> theirs, it's probably best to just connect to them and let them see
> what address you used. If they have a socket connected to you then
> they can get your address from inet:peername/2.
>
> Alternatively you could ask the OS "what address should I use to talk
> with <other ip>?" - I'm not sure if you can do that portably, but on a
> modern Linux box you can do a manual lookup like:
>
>   $ ip route get 192.168.128.1
>   192.168.128.1 dev eth0  src 192.168.128.44
>       cache  mtu 1500 advmss 1460
>
> which says I can use source address 192.168.128.44 to talk to
> 192.168.128.1.
>
> Depending on what you're doing you might also want to be careful about
> NAT. Maybe the address your computer thinks you have is not the same
> one other people will see.
>
> Cheers,
> Luke (confident that Per will correct all my errors :-)
>





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How do I find my own IP address?

Shawn Pearce
Joe, given you are just looking in the xauth file, you can change the
code to use the undocumented function you found which returns all
IP addresses on this machine, and then test each in the xauth file.
But connect to the X server using 127.0.0.1 if one of those matched.

In general though you definately should not attempt to connect to
the X server through any of those IP addresses, etc.

I hate systems that use a local IP address in a .Xauthority file.

Joe Armstrong <joe> wrote:

> On Wed, 21 Jan 2004, Luke Gorrie wrote:
>
> > Joe Armstrong <joe> writes:
> >
> > > I need to know my own IP address
> >
> > For what purpose? There's no simple answer because you don't
> > necessarily just have one IP address, and there are different ways to
> > find the right IP address for different purposes.
>
> Because this is sometimes used as a key in the .Xauthority file
>
> My problem is to write  bomb proof code to open a connection to the local
> X-server - this should try to handle cases where DISPLAY etc is incorrect
>
> /Joe

--
Shawn.

  For good, return good.
  For evil, return justice.


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How do I find my own IP address?

Samuel Rivas-3
In reply to this post by Joe Williams-2
Joe Armstrong wrote:

>
> I need to know my own IP address
>
> The undocumented function inet:getif()
> produces
>
>
> 4> inet:getif().
> {ok,[{{193,10,65,254},{193,10,67,255},{255,255,252,0}},
>      {{127,0,0,1},{127,255,255,255},{255,0,0,0}}]}
>
> The first element of this list appears to be my IP address -
> can I reply on this????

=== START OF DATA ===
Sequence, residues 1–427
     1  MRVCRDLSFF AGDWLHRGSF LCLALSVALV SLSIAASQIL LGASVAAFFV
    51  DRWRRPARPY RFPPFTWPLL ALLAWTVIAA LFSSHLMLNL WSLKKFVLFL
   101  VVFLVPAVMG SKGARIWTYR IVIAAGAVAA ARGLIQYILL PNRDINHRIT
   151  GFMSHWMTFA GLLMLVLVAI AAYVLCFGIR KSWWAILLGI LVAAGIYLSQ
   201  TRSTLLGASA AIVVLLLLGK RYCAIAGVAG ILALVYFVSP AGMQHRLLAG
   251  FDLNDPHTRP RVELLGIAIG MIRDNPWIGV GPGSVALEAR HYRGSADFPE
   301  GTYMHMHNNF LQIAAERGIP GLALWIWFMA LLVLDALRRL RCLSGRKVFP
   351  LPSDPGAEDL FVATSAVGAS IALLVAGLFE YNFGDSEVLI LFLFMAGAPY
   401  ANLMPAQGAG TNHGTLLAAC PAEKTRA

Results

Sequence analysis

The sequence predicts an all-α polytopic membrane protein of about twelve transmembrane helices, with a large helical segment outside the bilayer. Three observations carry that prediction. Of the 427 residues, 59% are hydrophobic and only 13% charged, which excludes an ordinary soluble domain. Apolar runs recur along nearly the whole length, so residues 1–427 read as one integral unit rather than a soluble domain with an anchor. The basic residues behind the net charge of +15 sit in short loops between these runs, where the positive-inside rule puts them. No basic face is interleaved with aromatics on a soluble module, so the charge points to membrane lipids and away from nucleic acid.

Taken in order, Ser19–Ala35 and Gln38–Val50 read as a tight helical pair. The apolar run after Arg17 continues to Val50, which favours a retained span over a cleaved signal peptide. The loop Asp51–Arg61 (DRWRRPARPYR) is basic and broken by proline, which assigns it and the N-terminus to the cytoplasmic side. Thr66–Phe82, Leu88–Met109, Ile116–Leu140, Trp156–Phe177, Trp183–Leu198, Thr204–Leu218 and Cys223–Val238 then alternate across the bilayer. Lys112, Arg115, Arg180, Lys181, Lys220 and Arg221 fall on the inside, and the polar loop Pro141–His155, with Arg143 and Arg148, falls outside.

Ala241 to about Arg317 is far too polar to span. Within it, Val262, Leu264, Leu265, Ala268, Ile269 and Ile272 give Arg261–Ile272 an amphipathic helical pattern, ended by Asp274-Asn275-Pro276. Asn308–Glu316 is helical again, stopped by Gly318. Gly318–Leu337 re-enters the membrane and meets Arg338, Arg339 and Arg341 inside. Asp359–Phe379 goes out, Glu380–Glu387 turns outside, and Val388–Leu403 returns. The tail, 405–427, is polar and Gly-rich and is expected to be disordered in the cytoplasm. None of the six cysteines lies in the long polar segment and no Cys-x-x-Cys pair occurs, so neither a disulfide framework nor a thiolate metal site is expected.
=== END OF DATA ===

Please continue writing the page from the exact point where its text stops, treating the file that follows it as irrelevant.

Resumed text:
Hi:

I dealt with the same problem in a host which:
  * Does not have a public name in the network
  * Gets its IP with DHCP
  * Needs to show that IP on a display (to be somehow reachable)

Following your discovery I've found out an (undocumented) way to get the
host IP within Erlang:

1> {ok, S} = inet_udp:open(0, []).
{ok,#Port<0.4112>}
2>prim_inet:ifget(S, "eth0", [addr]).
{ok,[{addr,{192,168,100,100}}]}

You can also know the broadcast and netmask if you write
[addr,broadaddr,netmask] instead of [addr].

However, as long as it is not a standard way to do this kind of things I
use a more triky solution in my app: I parse the output of
/sbin/ifconfig eht0.

Would be nice if it were possible to do that in cleaner way in future
OTP releases.

>
> /Joe
>

Regards

--
 ---------------------
| Samuel        |
 ---------------------


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How do I find my own IP address?

Joachim Durchholz
Samuel Rivas wrote:
> Following your discovery I've found out an (undocumented) way to get the
> host IP within Erlang:
>
> 1> {ok, S} = inet_udp:open(0, []).
> {ok,#Port<0.4112>}
> 2>prim_inet:ifget(S, "eth0", [addr]).
> {ok,[{addr,{192,168,100,100}}]}

This will work on a vanilla Unix system.
It will not work, for example, if you use FreeS/WAN (where the network
device to use would be ipsec0 for an encrypted connection, and eth0 for
an unencrypted one). There may be other software that installs virtual
network cards ("interfaces"). I'm not sure, but I suspect that even an
ipsec interface might have a regular IP address, including DNS entry,
routing table, and all.
It will also not properly work if the machine has two network
interfaces. For example, I'm sitting on a desktop system that has a
network card (for the LAN) and an ISDN adapter that pretends to be a
network card. If I were running Unix, I'd have an eth0 and an eth1 card,
one of them with a DHCP-generated IP, the other with a local masqueraded
192.168.x.x address. There's a third local network that's entirely
virtual, for the virtual network that serves the VMWare machines. I
think this kind of setup isn't too unusal for telecommuters (well,
except for the VMWare bit maybe... *g*)
Oh, and I'm running Windows, which means that my machine will respond
with utter ignorance if you try names like /dev/eth0 on it :-)